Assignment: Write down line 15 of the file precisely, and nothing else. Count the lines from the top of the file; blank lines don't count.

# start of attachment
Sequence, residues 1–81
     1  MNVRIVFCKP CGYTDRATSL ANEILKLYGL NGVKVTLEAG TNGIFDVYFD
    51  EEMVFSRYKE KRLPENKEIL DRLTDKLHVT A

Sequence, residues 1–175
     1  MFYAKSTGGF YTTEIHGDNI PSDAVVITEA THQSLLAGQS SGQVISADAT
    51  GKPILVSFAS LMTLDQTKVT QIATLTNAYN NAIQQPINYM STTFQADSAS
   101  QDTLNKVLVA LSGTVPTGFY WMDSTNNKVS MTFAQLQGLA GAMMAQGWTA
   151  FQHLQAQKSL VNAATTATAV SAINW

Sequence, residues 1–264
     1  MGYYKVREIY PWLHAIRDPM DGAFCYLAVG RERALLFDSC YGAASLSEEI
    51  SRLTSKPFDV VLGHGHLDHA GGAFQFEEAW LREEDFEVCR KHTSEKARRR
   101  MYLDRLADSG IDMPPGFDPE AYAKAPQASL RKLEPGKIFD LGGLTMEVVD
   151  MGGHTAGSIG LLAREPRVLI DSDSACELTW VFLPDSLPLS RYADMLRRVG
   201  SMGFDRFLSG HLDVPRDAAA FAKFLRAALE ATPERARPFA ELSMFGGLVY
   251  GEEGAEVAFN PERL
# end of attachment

   251  GEEGAEVAFN PERL